Two versions of an initiative to recriminalize drugs in Oregon were filed with the secretary of state on Sept. 19 by the Coalition to Fix and Improve Ballot Measure 110, the campaign behind the initiative.
In 2020, Oregon voters decriminalized personal non-commercial drug possession offenses with the approval of Measure 110. It received 58.5% of the vote. Measure 110 reclassified possession of a controlled substance in Schedule I-IV, such as heroin, cocaine, and methamphetamines, from a Class A misdemeanor to a Class E violation resulting in a $100 fine or a completed health assessment. The ballot initiative also established the Drug Treatment and Recovery Services Fund governed by the Oregon Health Authority. The fund was designed to give grants to government or community-run organizations to create addiction recovery centers.
The proposed 2024 initiative would make it a misdemeanor to possess or use hard drugs in public and mandate treatment for drug-dependent persons charged with low-level crimes. The second version of the initiative also proposes automatic expungement of misdemeanor possession convictions following addiction treatment and increasing penalties for repeat dealers. The initiative would also transfer oversight of the Drug Treatment and Recovery Services Fund from the Oregon Health Authority to the Alcohol and Drug Policy Commission.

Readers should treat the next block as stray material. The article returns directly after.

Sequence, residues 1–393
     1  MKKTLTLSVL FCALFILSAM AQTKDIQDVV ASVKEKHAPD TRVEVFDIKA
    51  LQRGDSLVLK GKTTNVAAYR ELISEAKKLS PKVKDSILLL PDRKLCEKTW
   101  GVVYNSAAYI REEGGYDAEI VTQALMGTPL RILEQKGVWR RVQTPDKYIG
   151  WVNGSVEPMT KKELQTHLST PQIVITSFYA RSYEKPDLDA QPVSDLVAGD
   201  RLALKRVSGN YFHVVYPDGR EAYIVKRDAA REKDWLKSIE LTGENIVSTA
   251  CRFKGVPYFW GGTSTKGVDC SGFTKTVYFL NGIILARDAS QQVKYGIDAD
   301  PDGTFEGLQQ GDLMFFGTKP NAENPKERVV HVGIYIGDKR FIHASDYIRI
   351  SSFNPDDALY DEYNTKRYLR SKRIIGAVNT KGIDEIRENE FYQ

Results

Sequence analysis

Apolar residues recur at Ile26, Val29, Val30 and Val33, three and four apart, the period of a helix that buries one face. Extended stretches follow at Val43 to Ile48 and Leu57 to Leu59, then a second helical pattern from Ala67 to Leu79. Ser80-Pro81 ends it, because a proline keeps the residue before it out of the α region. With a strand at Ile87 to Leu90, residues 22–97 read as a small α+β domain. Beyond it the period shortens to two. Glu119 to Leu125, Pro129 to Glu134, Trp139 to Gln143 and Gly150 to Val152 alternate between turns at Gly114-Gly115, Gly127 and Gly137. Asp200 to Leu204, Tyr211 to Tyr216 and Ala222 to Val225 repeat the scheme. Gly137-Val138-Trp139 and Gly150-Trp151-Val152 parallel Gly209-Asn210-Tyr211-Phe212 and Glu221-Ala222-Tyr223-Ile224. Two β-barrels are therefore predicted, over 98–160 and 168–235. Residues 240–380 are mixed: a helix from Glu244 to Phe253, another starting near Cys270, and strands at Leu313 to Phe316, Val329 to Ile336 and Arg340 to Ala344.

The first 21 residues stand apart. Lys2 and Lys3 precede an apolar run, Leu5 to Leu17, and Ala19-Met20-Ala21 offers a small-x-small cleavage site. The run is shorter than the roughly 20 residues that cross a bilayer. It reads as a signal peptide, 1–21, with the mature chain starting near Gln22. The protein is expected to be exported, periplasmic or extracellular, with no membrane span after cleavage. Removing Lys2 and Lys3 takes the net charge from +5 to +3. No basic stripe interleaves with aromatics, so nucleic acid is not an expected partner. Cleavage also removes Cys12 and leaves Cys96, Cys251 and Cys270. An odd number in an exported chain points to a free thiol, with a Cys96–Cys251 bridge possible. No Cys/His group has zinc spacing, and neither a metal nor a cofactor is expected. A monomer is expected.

In Oregon, the number of signatures required to qualify an initiated state statute for the ballot is equal to 120,413—6% of the votes cast for governor in the most recent gubernatorial election. The signature deadline is July 5, 2024.
The initiative was filed by Nate Sickler, Jerrod Murray, and Juanita Swartwood. The Coalition to Fix and Improve Ballot Measure 110 has received campaign contributions from Columbia Sportswear CEO Tim Boyle ($300,000) and Nike founder Phil Knight ($200,000) according to Oregon Public Broadcasting.
Max Williams, a former Republican state legislator, is leading the coalition. Williams said, “We strongly support the parts of Measure 110 that are putting resources into moving people into treatment and recovery. That’s why this isn’t a repeal. But what we’re trying to do is actually make 110 better and really fulfill its promise, which is more people into more treatment quickly.”
Drug Policy Alliance, which supported the passage of Measure 110, tweeted, “Two initiative petitions aimed at undoing Oregon’s Measure 110 were filed. The complicated, costly, & ineffective ballot measures announced today are not a solution but, instead, a false promise of change & a return to the failed drug war.”
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